CLP subscribers: To better connect precedential judicial decisions across the children’s law field, we are launching a project to provide summaries of key state supreme court decisions on child welfare and related topics. In addition to summarizing the court’s holding and reasoning, each case will highlight the practical significance for the field. As we advance this new project, we welcome your participation. Please share recent supreme court cases from your jurisdiction that would be valuable to summarize (Email: Nicole.Johonson@americanbar.org). We hope these summaries help advance your practice and connect the children’s law field across jurisdictions.
The views expressed herein have not been approved by the House of Delegates or the Board of Governors of the American Bar Association, and accordingly, should not be construed as representing the policy of the American Bar Association.
In re M.D. v. K.A. , 921 N.W.2d 229 (Iowa 2019).
The Iowa Supreme Court held an incarcerated parent has a constitutional due process right to participate in the entire termination of parental rights (TPR) hearing and the trial court has a responsibility to ensure the parent can respond to the state’s evidence.
The Iowa Supreme Court established a clear rule for how trial courts must provide procedural due process protections in TPR cases involving incarcerated parents. Because the court analyzed other state court decisions, this case is especially useful in providing a national perspective on the issue.
Delaware, North Dakota, Missouri, Pennsylvania, Wisconsin, and New Hampshire courts stress that meaningful participation in a TPR case requires actual knowledge of the testimony and documentary evidence offered to support termination. Parents typically have exclusive and particular knowledge of the evidence, and need to hear it to understand what other evidence will be needed to demonstrate why their rights should not be terminated.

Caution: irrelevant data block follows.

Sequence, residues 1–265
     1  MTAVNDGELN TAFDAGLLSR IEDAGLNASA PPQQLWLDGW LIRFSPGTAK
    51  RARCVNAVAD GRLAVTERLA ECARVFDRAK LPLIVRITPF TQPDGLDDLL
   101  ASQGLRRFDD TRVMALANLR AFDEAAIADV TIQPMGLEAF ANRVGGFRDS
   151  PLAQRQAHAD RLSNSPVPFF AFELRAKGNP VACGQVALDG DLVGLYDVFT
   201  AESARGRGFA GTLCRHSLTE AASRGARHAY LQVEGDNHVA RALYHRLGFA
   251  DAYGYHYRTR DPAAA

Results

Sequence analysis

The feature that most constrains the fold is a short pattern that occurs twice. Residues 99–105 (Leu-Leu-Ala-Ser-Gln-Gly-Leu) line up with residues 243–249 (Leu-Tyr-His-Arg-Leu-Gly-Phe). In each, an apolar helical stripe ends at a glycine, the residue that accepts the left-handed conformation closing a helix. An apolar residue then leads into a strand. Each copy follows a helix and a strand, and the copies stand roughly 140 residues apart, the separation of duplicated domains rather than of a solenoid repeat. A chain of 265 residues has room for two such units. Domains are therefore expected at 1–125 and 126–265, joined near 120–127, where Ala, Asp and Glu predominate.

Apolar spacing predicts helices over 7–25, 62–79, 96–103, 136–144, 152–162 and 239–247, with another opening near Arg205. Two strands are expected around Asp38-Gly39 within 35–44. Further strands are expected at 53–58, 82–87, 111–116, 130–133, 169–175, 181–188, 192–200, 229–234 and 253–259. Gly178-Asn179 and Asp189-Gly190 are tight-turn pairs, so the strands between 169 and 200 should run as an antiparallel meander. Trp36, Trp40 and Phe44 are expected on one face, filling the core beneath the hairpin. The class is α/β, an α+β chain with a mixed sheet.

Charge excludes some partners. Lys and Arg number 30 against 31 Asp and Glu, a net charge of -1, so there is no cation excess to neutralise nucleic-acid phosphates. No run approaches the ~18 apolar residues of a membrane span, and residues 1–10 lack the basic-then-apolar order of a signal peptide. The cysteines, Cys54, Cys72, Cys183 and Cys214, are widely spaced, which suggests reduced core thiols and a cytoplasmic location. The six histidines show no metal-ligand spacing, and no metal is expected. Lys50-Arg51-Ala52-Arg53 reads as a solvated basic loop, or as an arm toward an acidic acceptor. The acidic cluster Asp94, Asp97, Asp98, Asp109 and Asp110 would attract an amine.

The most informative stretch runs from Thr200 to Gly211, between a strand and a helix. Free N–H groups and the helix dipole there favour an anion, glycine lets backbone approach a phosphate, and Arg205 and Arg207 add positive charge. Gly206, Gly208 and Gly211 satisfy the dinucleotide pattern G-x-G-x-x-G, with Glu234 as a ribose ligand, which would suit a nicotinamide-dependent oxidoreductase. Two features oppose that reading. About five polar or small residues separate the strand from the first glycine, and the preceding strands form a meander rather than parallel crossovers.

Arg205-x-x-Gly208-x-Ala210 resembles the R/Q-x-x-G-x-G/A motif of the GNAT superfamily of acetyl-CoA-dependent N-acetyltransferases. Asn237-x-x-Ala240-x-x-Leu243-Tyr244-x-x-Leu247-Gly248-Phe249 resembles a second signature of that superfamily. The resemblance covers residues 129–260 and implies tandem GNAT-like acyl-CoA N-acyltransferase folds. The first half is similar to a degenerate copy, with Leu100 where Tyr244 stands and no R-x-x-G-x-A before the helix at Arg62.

The court’s reasoning is instructive in the way it balances parents’ procedural due process rights with children’s interests in timely permanency and the state’s interest in efficient procedures as the court recognized these interests sometimes intersect. For example, the court explained that although children have a strong interest in timely permanency they also have an interest in ensuring their parents can participate effectively in TPR proceedings. Also significant is that the protections required for incarcerated parents may apply equally to cases involving parents in immigration detention, which often involve different state jurisdictions.
In 2018, the child welfare agency in Iowa petitioned to terminate a mother’s parental rights to her five children while she was incarcerated in South Dakota. The children had been removed from her care based on her chronic drug and alcohol abuse. She had been arrested in South Dakota and charged with multiple felonies involving possession and intent to deliver methamphetamines during the pendency of the child welfare case.